Dvorak: Symphony No 6 & American Suite

Harmonia Mundi

Star rating: * * * *

No need to look much further than the opening of Dvorak’s Symphony No 6 for a Bohemian melody that will lift your spirits. And in this meaty, rich-grained performance by the Lucerne Symphony Orchestra under its US chief conductor James Gaffigan the entire flavoursome quality of the playing – robust and characterful – melts instantly in the mouth. There’s a golden lyricism throughout, and a sense of momentum that is slick but unhurried. The inclusion also on this disc of the Suite in A major, the so-called “American Suite”, laced with gentle Wagnerisms, is a perfect partner piece. KEN WALTON




Star rating: * * * *

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In some respects this is an extraordinary album, from an alarmingly mature-sounding 20-year-old English singer and guitarist who manages to sound straight out of the American-influenced English folk revival of the late Sixties. Just the guitar-picking intro to the opening London Road induces a wee frisson of being whipped back four decades to the seminal albums of Bert Jansch, Ralph McTell and their contemporaries. Sunjay’s straightforward delivery of Going Down the Road is reminiscent of Jansch, with a nice harmony from Sarah Smout sounding like something from a different age, then there’s the rockabilly holler of Drop Down Mama, Dan Owen’s harmonica squalling away nicely, and the agitated blues of John Hiatt’s Memphis in the Meantime. In contrast are sweetly melancholy old chestnuts like Tom Rush’s No Regrets, and James Taylor’s Close Your Eyes. It’s all highly engaging if at times uncannily derivative sounding. It will be fascinating to hear just what Sunjay sounds like when he truly finds his own voice. JIM GILCHRIST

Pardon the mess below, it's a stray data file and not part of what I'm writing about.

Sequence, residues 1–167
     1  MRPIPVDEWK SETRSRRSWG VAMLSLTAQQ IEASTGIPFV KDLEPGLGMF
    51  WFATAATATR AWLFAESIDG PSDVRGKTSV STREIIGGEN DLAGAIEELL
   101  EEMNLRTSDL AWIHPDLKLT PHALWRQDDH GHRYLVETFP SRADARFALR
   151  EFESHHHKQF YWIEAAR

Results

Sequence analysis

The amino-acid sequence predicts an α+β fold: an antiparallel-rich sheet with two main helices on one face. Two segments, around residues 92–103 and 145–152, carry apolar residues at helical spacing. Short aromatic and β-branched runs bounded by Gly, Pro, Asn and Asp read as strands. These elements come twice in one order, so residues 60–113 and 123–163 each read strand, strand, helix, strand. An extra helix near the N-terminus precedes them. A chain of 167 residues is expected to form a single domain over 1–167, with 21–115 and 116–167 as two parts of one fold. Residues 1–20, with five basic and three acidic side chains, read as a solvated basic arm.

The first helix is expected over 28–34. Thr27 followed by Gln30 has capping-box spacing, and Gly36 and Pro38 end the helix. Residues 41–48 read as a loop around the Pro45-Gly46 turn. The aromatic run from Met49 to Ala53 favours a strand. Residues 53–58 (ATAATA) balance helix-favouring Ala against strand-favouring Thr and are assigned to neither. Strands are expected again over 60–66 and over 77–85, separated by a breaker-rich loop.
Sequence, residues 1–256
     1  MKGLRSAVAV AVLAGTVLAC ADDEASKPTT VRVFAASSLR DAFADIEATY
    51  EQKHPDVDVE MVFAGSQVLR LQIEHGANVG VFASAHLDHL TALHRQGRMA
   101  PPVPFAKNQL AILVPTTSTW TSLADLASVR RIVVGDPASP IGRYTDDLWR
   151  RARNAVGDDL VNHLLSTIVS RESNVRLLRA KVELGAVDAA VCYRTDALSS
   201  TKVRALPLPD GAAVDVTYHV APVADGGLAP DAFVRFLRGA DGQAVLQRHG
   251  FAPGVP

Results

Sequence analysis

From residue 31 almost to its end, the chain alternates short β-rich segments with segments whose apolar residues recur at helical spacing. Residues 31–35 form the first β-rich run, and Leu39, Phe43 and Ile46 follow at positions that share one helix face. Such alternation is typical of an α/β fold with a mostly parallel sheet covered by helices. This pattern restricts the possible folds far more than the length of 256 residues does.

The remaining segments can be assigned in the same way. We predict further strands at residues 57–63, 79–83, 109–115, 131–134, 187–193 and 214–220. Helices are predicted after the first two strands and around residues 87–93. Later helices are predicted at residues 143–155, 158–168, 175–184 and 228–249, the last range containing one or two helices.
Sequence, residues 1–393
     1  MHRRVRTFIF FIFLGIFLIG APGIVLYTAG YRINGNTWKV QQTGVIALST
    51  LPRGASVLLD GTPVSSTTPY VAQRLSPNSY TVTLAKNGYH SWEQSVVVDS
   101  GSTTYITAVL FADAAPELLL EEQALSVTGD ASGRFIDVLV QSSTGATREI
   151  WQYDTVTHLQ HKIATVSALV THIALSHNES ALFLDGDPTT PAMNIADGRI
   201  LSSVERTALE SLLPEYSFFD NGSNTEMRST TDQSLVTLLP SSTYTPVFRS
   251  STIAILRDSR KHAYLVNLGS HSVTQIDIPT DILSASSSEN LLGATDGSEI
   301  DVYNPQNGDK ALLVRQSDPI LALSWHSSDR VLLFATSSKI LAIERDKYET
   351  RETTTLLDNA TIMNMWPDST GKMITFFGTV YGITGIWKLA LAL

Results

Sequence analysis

Ken Mathieson’s Classic Jazz Orchestra: Clarinet Gumbo

Lake Records

Star rating: * * * *